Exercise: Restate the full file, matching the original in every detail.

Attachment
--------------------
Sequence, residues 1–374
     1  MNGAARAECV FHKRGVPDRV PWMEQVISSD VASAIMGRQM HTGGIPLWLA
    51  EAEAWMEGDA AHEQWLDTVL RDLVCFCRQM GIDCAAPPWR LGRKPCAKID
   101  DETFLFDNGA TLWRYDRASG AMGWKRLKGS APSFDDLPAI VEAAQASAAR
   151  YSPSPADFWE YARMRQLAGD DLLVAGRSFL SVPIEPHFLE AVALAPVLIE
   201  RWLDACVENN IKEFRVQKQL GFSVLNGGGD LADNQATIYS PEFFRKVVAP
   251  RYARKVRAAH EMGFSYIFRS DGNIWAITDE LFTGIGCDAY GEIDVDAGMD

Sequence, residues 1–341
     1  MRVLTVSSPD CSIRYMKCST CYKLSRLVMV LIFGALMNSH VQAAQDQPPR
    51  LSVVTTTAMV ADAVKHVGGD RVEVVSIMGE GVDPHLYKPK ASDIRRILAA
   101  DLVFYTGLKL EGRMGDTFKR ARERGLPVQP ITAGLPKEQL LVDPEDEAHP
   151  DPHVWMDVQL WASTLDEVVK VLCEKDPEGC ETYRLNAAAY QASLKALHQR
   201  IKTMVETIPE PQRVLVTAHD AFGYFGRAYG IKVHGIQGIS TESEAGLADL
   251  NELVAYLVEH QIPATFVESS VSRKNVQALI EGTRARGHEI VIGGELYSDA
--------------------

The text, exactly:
Sequence, residues 1–374
     1  MNGAARAECV FHKRGVPDRV PWMEQVISSD VASAIMGRQM HTGGIPLWLA
    51  EAEAWMEGDA AHEQWLDTVL RDLVCFCRQM GIDCAAPPWR LGRKPCAKID
   101  DETFLFDNGA TLWRYDRASG AMGWKRLKGS APSFDDLPAI VEAAQASAAR
   151  YSPSPADFWE YARMRQLAGD DLLVAGRSFL SVPIEPHFLE AVALAPVLIE
   201  RWLDACVENN IKEFRVQKQL GFSVLNGGGD LADNQATIYS PEFFRKVVAP
   251  RYARKVRAAH EMGFSYIFRS DGNIWAITDE LFTGIGCDAY GEIDVDAGMD

Sequence, residues 1–341
     1  MRVLTVSSPD CSIRYMKCST CYKLSRLVMV LIFGALMNSH VQAAQDQPPR
    51  LSVVTTTAMV ADAVKHVGGD RVEVVSIMGE GVDPHLYKPK ASDIRRILAA
   101  DLVFYTGLKL EGRMGDTFKR ARERGLPVQP ITAGLPKEQL LVDPEDEAHP
   151  DPHVWMDVQL WASTLDEVVK VLCEKDPEGC ETYRLNAAAY QASLKALHQR
   201  IKTMVETIPE PQRVLVTAHD AFGYFGRAYG IKVHGIQGIS TESEAGLADL
   251  NELVAYLVEH QIPATFVESS VSRKNVQALI EGTRARGHEI VIGGELYSDA